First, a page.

Tips and advice - February 24, 2022 - 3 min

Audio Pronunciation and Phonetic Transcriptions

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A bunch of gibberish in brackets for many, a code to decipher for others, phonetic transcriptions now come with a tool that makes them universally intelligible in one click: audio pronunciation. Thanks to Antidote’s many resources, a word’s pronunciation will no longer be a mystery, either on the page or out loud, with the help of voices from each side of the Atlantic and two choices for phonetic alphabets.

Audio Pronunciation

Exclusively for Antidote+ subscribers, dictionary entries come to life with voices from Toronto and London, and, if your Antidote also handles French, Montréal and Paris. Just click on the speaker () icon to hear the pronunciation of a word.

Our lexicographer Ophélie Gauthier-Barrette presents (English subtitles available) this feature:

In the dictionary of definitions, you will find a pronunciation for all inflections of a word, including regional variants. This feature is handy for words of foreign origin. It is also particularly useful for anyone learning English or for those who speak English as a second language.

You will also find specific audio pronunciations in the dictionary of rhymes. By clicking on the phonetic transcription of a result, you will first hear the pronunciation of the featured word followed by the rhyme, to get a clear picture of the effect that the two produce together (e.g., recite ,write).

The Technology Behind the Voice

Speech synthesis has been part of our lives for a long time—think of GPS, for example. But Antidote’s audio pronunciation relies on our own technology, based on the precise and thorough work of our linguistic team. No sound quirks in our dictionaries!

We made recordings with professional actors and actresses, representing the accents of Paris, Montréal, Toronto and London. Then, we used deep learning to reproduce their diction and generate all the pronunciations, for a total of 500,000 forms in English and 600,000 in French. Thanks to our technology, we can add thousands of new words to the dictionaries and get their pronunciation right every time with the same four voices.

Montréal voice recording session.

Montréal voice recording session.

Pronunciation According to Regional Variety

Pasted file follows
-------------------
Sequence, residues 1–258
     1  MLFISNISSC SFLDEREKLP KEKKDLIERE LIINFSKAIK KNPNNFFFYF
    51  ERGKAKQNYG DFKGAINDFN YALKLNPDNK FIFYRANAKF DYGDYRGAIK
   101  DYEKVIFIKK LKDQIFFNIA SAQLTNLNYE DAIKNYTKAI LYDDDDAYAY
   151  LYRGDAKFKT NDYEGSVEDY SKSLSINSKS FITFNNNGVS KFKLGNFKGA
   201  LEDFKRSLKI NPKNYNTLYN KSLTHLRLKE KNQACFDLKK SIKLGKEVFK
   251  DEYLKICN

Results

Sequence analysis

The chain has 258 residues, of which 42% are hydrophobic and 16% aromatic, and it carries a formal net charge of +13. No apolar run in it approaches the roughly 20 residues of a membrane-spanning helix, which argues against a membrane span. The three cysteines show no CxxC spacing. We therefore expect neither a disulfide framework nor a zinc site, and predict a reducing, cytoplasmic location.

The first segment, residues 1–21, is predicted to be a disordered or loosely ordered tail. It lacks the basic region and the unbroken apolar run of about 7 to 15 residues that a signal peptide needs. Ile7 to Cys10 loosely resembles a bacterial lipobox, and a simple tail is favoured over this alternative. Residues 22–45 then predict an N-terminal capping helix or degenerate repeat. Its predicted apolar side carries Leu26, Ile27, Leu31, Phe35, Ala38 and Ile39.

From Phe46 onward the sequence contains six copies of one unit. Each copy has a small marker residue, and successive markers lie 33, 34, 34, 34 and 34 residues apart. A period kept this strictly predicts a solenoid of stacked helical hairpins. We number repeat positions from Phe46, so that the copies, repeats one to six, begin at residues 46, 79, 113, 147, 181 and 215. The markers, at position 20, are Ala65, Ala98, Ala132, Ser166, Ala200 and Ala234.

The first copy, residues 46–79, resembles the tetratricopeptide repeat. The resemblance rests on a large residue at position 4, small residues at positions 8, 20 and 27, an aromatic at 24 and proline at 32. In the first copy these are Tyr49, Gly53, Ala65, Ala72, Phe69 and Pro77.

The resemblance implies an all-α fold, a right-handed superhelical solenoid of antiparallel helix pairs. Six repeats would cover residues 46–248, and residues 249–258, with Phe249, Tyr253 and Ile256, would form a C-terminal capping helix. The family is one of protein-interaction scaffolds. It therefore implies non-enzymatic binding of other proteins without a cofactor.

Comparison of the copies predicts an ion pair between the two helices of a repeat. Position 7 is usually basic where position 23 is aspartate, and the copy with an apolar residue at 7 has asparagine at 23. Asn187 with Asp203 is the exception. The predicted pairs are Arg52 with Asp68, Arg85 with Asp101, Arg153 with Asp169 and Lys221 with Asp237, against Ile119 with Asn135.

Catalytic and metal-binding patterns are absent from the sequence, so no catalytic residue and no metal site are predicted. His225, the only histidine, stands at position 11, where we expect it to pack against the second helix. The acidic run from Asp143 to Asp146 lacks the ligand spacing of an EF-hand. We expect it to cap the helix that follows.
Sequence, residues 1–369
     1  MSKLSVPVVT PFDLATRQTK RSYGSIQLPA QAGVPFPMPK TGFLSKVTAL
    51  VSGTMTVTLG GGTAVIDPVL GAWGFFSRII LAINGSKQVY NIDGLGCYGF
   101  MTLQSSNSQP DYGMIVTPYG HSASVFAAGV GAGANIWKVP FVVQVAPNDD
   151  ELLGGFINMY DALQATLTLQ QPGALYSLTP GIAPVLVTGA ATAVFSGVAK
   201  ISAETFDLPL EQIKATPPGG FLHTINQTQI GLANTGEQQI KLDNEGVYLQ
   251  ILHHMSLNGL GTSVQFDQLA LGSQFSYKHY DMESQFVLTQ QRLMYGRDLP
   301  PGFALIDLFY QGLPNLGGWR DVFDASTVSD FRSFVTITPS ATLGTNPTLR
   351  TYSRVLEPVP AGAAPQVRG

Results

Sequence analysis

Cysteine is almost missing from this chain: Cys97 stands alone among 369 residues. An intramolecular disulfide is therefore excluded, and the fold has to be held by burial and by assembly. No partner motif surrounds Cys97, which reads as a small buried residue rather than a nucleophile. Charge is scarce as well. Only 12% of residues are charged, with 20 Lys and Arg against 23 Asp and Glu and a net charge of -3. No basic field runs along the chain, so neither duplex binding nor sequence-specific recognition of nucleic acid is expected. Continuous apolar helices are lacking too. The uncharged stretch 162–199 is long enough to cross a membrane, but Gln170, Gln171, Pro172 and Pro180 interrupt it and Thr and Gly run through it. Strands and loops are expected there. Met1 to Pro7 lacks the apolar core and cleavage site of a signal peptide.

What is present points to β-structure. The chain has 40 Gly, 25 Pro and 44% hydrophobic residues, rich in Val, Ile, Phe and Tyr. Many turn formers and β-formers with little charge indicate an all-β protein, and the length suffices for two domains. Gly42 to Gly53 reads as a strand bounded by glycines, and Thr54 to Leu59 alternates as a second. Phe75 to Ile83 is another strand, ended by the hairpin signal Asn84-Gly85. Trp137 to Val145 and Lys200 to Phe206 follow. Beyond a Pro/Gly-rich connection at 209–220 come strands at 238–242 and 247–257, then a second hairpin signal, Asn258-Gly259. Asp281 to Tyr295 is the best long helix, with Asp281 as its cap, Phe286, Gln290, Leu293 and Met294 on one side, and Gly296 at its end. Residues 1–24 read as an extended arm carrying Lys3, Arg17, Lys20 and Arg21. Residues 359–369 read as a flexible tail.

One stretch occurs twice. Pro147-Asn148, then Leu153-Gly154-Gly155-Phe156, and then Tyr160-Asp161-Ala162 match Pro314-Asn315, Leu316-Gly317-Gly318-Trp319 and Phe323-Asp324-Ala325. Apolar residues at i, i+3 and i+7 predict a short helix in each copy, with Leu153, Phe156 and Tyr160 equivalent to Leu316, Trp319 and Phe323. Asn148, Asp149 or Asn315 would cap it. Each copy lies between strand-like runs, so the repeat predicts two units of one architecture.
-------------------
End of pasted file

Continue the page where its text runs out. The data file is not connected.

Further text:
The regional variety you have indicated as your own in Antidote influences audio pronunciation and phonetic transcription. We’re not talking about a regional accent here—although the exercise would be fun!—but rather large linguistic regions: Canada, United Kingdom, United States.

To check or change your variety, go to the User panel of the language settings in Antidote. For North America, Antidote displays the transcription of the word in Toronto English, and in London English for the other regions. Your regional variety also determines the default voice offered for audio pronunciations.

Phonetic Transcriptions in IPA and Phonetic Respelling

If you do not have access to audio pronunciations, exclusive to Antidote+, you can always rely on phonetic transcriptions. Antidote’s dictionaries use two phonetic transcriptions: IPA, more universal but more complex, and phonetic respelling, which is easier to read.

What is IPA?

IPA stands for International Phonetic Alphabet. As its name suggests, it associates a unique sign with each of the sounds of all languages. This is the most commonly used system, but it has some drawbacks.

For example, due to its international nature, the signs for certain sounds are not always intuitive in English, such as [ʒ], [ʃ] or [ʌ]. Also, the character set is not standard. It is for these and other reasons that we continue to develop other systems, such as the phonetic respelling.

What is Phonetic Respelling?

The Phonetic Respelling, like the International Phonetic Alphabet (IPA), indicates the pronunciation of words. The phonetic respelling in the Antidote dictionary aims to provide a pronunciation that is immediately clear, and leads to the correct pronunciation without instruction.

For that reason, phonetic respelling uses only characters that are familiar, in combinations that are familiar.

Unlike in IPA, in phonetic respelling one symbol is not necessarily equal to one sound. For example, the vowel in size is written with an i, as in (SIZE), and the vowel in sis is also written with an i, (SIS).

IPA to phonetic respelling equivalents

Here are some signs in IPA and their equivalent in phonetic respelling. You will find the complete list of phonemes in the article “Full Pronunciation Key” of the Antidote phonetics guide. Let’s go back to the three symbols mentioned above in IPA, which already seem less esoteric in phonetic respelling.

IPA Respelling Examples
[ʒ] [zh] measure, vision, rouge
[ʃ] [sh] shoe, shock, usher
[ʌ]] [uh] cup, munching, plum

We hope this article was as enjoyable to read as it was to hear, even if it was only in your head.

[GUUD BIGH]!

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